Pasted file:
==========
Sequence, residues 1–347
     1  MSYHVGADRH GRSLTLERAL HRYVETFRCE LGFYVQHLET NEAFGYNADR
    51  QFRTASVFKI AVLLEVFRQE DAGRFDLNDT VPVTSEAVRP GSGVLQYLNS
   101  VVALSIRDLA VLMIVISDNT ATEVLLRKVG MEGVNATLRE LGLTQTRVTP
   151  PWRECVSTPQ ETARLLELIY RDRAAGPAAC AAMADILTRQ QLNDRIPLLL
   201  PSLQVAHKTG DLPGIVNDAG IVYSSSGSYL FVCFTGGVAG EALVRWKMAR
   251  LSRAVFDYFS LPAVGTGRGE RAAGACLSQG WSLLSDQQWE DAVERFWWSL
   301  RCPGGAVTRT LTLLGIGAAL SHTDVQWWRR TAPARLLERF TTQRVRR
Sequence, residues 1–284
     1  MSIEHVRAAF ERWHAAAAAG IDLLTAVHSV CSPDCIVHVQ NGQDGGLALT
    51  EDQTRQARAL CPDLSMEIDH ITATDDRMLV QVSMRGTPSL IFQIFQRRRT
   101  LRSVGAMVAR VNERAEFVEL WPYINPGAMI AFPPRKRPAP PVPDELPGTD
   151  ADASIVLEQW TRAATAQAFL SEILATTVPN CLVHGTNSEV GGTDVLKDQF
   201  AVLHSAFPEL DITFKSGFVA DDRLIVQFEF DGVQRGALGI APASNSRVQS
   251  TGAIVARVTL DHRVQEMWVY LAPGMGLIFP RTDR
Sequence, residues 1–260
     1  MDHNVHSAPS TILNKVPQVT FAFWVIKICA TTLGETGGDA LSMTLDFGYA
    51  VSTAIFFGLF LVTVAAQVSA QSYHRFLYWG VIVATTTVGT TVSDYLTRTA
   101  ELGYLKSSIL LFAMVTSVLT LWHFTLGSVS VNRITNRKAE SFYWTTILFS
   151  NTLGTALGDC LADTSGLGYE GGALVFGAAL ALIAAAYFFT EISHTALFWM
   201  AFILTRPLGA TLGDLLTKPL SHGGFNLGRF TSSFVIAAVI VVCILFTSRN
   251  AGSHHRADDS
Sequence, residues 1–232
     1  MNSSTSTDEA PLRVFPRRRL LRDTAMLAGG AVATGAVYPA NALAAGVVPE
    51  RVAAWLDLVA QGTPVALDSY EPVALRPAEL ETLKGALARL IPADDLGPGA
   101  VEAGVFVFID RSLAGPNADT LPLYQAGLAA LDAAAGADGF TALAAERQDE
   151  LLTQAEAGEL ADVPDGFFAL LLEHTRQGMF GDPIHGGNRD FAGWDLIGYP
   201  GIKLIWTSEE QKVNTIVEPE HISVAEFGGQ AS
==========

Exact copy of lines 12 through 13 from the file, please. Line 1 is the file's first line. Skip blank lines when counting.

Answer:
   101  LRSVGAMVAR VNERAEFVEL WPYINPGAMI AFPPRKRPAP PVPDELPGTD
   151  ADASIVLEQW TRAATAQAFL SEILATTVPN CLVHGTNSEV GGTDVLKDQF